I would disagree with the answer by @kodlu. In classic differential cryptanalysis, we don't pay "probability" for the last rounds, but rather we pay for the enumeration of the involved key bits. In other words, decryption is not statistical.
And that's what makes using smaller $R$ difficuly: the key guesses. Ciphers have good diffusion and with each extra round to partially decrypt in the end, the number of key bits needed to be guessed in order to verify the output difference (now, statistically, per each key guess) grows very fast.
In addition, the shape of the output difference matters too: if it has high weight (activates many S-boxes in the consequent rounds), more key bits guesses are needed.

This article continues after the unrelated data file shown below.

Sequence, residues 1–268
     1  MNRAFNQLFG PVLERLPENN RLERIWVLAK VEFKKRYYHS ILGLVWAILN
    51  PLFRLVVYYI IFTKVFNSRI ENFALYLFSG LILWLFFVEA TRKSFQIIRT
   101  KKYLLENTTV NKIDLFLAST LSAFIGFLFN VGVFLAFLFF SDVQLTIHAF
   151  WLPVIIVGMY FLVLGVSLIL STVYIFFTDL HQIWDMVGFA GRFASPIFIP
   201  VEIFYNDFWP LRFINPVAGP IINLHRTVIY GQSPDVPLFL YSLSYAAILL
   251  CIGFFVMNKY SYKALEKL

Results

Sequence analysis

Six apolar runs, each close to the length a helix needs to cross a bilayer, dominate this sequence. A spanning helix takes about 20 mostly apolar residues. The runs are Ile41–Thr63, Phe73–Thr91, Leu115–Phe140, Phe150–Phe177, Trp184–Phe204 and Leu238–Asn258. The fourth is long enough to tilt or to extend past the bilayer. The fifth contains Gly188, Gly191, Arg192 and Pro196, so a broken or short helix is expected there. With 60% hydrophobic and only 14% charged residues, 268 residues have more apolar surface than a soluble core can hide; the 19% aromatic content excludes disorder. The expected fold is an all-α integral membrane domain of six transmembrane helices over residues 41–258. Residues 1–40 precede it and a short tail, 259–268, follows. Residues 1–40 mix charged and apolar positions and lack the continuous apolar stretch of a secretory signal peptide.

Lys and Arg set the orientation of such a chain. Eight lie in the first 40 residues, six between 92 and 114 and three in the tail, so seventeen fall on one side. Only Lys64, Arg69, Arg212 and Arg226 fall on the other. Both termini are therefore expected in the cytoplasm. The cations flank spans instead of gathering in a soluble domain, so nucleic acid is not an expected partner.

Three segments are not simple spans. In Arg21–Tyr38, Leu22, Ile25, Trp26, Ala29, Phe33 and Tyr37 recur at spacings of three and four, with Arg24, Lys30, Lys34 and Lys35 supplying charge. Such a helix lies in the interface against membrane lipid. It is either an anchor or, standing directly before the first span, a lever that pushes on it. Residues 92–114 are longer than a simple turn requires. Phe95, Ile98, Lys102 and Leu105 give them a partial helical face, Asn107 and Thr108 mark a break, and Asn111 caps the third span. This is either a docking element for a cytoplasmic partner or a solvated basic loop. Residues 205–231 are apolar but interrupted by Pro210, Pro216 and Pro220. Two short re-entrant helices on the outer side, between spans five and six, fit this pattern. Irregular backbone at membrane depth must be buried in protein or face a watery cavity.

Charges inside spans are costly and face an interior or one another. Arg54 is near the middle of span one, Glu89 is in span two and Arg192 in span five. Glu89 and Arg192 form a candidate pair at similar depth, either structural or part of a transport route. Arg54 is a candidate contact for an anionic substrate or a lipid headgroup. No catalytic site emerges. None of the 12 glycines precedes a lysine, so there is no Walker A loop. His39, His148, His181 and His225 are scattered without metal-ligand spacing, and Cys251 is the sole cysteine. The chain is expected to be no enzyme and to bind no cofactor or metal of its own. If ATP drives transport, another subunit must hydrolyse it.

Note that $R$ and the number of key bits to guess are in a trade-off: smaller $R$ increases differential probability, but also increases the number of key bits to guess. Usually, the gain in differential probability by going from $R=n-1$ to $R=n-2$ does not outbalance the increase in key guess complexity when partially decrypting 2 rounds instead of 1.